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Dan Margolies / KCUR 89.3

As April's rent becomes due across the Kansas City metro, tenants face an uncertain legal landscape subject to the vagaries of the coronavirus and how soon its spread can be stopped.

That's been the case for tenants such as Erin White, who rents an apartment in Skyler Ridge, a 200-unit complex on 115th Street just west of Metcalf Avenue in Overland Park.

Laura Ziegler / KCUR 89.3

Segment 1: Coronavirus response in Wyandotte County

The Unified Government, representing one of the most diverse counties in Kansas and Missouri, faces some particular challenges in the face of the coronavirus pandemic. Mayor/CEO Alvey acknowledged communication is a problem for his administration, but is proud of efforts to translate safety materials for the Spanish-speaking community. The mayor also discussed the stay at home order that went into effect yesterday, the economic hit to be sustained because of it and what happens in a post-pandemic recovery.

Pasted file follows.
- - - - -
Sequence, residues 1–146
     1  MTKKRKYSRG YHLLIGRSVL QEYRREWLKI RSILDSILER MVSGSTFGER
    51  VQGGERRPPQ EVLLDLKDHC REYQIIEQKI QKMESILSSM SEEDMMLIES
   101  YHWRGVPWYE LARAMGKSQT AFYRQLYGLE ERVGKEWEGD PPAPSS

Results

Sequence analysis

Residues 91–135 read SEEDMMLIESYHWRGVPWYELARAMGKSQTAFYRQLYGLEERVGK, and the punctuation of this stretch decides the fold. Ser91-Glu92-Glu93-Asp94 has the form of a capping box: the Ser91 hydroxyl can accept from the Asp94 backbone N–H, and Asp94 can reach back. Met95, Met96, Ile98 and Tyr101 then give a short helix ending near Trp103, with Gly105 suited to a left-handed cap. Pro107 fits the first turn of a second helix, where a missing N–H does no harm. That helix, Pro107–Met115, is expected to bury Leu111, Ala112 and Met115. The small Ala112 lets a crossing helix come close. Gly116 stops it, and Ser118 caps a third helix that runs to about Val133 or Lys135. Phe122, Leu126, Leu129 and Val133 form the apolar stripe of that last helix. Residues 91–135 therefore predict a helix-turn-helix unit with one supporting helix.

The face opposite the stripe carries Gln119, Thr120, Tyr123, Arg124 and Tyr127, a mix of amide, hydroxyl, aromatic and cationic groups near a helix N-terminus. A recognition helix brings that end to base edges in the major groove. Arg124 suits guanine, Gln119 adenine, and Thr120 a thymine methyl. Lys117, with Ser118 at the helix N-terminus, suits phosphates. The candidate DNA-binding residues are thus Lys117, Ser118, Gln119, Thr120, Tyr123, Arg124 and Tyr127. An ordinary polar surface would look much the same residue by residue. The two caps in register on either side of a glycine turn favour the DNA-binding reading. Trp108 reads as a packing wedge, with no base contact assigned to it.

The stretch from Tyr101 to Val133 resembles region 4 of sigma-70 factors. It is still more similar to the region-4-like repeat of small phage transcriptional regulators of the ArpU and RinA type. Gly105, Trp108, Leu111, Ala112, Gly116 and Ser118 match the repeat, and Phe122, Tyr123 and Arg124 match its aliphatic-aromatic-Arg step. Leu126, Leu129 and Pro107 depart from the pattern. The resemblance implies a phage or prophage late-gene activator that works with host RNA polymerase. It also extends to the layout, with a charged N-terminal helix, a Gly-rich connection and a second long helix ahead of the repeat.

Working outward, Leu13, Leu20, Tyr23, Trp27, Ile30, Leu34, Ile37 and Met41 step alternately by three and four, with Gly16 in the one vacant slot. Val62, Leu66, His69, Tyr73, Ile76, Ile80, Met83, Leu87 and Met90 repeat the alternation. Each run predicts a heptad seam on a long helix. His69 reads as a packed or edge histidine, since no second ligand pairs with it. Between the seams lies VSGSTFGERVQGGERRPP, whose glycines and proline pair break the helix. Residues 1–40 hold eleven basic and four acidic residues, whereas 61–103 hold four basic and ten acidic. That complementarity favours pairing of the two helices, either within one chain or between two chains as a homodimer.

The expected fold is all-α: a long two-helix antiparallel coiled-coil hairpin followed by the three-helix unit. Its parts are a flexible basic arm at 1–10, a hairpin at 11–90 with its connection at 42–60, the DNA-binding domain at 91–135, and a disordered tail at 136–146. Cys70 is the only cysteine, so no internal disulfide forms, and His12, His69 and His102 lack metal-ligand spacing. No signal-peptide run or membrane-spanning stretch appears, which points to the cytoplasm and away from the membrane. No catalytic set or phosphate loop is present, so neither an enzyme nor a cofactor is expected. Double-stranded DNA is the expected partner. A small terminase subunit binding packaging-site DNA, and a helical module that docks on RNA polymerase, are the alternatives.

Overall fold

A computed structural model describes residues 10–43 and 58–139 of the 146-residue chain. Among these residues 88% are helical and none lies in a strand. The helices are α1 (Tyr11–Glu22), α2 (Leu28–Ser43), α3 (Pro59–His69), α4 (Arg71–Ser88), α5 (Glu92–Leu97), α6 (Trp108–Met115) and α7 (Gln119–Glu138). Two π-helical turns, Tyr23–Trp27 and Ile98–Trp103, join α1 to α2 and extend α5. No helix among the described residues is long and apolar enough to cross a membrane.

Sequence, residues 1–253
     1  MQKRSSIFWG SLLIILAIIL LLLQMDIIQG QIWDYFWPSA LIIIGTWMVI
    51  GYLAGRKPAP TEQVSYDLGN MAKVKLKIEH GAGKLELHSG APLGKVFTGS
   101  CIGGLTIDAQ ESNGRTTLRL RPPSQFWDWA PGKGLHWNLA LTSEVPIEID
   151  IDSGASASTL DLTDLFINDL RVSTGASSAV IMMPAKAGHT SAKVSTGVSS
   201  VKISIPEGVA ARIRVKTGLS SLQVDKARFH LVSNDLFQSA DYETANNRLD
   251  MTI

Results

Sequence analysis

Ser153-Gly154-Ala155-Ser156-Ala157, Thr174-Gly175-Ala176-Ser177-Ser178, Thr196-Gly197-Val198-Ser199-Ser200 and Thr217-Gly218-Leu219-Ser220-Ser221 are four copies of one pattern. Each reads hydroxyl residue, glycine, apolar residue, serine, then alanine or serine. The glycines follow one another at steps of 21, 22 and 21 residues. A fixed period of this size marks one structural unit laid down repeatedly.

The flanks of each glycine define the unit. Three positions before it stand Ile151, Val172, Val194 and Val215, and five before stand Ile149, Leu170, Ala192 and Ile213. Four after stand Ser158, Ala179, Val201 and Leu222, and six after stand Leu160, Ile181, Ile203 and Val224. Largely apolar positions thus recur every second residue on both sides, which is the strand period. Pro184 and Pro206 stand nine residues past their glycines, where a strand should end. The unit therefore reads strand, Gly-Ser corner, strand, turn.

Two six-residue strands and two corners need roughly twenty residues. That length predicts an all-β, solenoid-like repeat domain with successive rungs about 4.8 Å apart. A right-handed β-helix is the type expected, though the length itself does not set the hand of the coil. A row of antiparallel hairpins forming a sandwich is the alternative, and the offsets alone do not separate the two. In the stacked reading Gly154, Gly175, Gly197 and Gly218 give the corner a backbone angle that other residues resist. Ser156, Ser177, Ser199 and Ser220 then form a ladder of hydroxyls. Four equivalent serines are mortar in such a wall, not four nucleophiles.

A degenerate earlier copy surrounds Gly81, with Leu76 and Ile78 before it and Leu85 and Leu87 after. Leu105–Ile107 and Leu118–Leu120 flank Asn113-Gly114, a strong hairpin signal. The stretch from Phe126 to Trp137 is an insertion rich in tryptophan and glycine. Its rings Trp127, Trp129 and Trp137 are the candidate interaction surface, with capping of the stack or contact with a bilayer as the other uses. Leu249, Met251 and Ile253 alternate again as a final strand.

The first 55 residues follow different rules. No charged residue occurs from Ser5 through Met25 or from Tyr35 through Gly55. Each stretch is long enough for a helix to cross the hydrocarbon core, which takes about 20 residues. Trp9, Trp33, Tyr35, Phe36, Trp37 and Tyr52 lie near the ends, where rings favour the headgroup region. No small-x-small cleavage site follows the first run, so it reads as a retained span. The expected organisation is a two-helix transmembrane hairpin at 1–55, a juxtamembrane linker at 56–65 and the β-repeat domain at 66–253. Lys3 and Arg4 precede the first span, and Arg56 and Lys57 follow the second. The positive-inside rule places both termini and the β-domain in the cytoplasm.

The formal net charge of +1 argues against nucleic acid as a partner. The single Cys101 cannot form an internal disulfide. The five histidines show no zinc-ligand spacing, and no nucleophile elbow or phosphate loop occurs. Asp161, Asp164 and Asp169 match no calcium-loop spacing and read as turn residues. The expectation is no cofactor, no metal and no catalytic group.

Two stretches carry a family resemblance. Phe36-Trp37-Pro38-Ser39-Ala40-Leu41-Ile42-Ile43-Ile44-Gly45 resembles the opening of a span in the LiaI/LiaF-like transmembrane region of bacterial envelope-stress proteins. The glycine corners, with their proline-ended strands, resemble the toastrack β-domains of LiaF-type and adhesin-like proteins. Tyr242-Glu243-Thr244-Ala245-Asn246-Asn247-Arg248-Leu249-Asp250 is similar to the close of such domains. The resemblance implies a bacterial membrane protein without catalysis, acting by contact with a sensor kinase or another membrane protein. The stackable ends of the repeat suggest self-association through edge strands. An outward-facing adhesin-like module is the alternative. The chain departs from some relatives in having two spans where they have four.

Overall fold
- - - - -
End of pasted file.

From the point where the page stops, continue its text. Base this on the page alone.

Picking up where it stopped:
Laura Ziegler / KCUR 89.3

Segment 1: Coronavirus response in Wyandotte County

The Unified Government, representing one of the most diverse counties in Kansas and Missouri, faces some particular challenges in the face of the coronavirus pandemic. Mayor/CEO Alvey acknowledged communication is a problem for his administration, but is proud of efforts to translate safety materials for the Spanish-speaking community. The mayor also discussed the stay at home order that went into effect yesterday, the economic hit to be sustained because of it and what happens in a post-pandemic recovery.

Courtesy photo

Brandy Granados felt like she was just getting back on her feet. After spending the summer without a home, she was working with a temp agency at UPS and living in an apartment with her 8-year-old son, Jude, and a roommate.